Blades submits that "a substantial right of [his] will be lost" should I not reconsider my denial of Joinder. (Docket No. 258, at 4.) What that right is, Blades does not highlight. Rather, he rests his argument on the belief that litigation in federal courts presumes "that the correct parties were named when the action was filed." (Id. at 5.) As I discussed in my September 2, 2010 ruling, Blades has no particularized injury that requires he remain in this case in his individual capacity. Colon v. Blades, Slip Copy, Civil 07-1380 (JA), 2010 WL 3490172, at *7 (D.P.R. Sept. 2, 2010). Blades is the sole shareholder in RBP. He conducted all his business through RBP. "As a general rule 'shareholders . . . do not have standing to sue in their personal capacities unless the alleged misconduct causes harm to them separate and distinct from the injury inflicted upon the . . . corporation.'" Id. (quoting Pagan v. Calderon, 448 F.3d 16, 29 (1st Cir. 2006)).
Federal Rule of Civil Procedure 25(c) governs issues of substitution. Rule 25(c) is a "procedural vehicle," designed not to recalibrate the relationships amongst the parties, but rather because the transferee "is brought into court solely because it [owns] the property in issue." Maysonet-Robles v. Cabrero, 323 F.3d 43, 49 (1st Cir. 2003). In this case, the property is the debt owed by MM&A, which belongs to RBP, not Blades. As Rule 25(c) is a "discretionary determination" by this court, designed to "facilitate the conduct of the litigation" and does not alter the substantive rights of the parties, I find that joinder is improper. Citibank v. Grupo Cupey, Inc., 382 F.3d 29, 32 (1st Cir. 2004) (quoting Maysonet-Robles v. Cabrero, 323 F.3d at 49). Blades fails to meet the "clear error" threshold required for Rule 59(e) reconsideration.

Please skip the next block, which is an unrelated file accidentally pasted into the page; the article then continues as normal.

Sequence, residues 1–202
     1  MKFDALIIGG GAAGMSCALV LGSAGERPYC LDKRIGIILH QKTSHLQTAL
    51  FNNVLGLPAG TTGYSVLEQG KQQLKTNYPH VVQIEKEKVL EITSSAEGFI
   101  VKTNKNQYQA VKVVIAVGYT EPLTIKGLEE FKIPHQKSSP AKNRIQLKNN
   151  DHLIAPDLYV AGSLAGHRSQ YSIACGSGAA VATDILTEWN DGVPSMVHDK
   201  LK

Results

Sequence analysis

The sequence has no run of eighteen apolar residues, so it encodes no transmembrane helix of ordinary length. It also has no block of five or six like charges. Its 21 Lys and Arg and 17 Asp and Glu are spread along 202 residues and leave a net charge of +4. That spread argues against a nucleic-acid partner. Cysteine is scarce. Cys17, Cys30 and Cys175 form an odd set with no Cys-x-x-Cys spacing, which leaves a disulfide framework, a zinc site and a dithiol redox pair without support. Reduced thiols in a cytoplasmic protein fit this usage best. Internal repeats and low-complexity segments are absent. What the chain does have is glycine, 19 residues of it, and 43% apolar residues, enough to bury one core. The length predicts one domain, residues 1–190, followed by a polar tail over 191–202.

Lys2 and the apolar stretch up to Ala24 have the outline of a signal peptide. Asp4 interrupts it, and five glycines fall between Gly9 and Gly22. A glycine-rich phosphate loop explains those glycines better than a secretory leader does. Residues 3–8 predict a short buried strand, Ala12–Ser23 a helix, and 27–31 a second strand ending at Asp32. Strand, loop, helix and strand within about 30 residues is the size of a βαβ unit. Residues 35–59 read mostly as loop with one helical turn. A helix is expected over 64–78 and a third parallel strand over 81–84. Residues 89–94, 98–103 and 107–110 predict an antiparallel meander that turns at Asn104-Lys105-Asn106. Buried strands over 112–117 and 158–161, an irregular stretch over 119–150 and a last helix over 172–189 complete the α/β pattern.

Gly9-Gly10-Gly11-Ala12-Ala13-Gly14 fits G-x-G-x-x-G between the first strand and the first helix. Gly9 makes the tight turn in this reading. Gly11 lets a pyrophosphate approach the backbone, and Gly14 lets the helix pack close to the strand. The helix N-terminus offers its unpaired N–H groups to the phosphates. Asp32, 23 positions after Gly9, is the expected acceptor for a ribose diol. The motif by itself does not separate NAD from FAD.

Similarly, collateral estoppel is not at issue. As I stated in my September 2 opinion, "there is nothing that might suggest that the injury allegedly suffered by cross-plaintiff is separate and distinct from any injury that RBP might have also suffered as a result of cross-defendants' actions." Colon v. Blades, Slip Copy, Civil 07-1380 (JA), 2010 WL 3490172, at *7. The cross-plaintiff has submitted no evidence of any particularized injury that cannot be adequately represented by RBP, and so collateral estoppel does not apply.
Finally, Blades relies on my June 17, 2010 ruling to conclude that "the law of the case" precludes substitution as inconsistent with my prior rulings. (Docket 258, at 6-7.) The concept behind "law of the case" flows from the concern that disregarding an earlier ruling in a case should not result in prejudice to a party. In this case, as the cross-plaintiff envisions, "prejudice" refers to law of notice that my prior ruling in favor of Blades is not controlling. But as stated, there is no such inconsistency. Substituting RBP for Blades in no way renders my prior rulings inconsistent. This substitution is merely a remedy for the incorrect party to the lawsuit. See Colon v. Blades, Slip Copy, Civil 07-1380 (JA), 2010 WL 3490172, at *7 (citing 6A Charles Alan Write & Arthur R. Miller, Federal Practice and Procedure, § 1542 (3d ed. 1990)). Therefore the motion for reconsideration is denied.
At San Juan, Puerto Rico, this 22d day of December, 2010.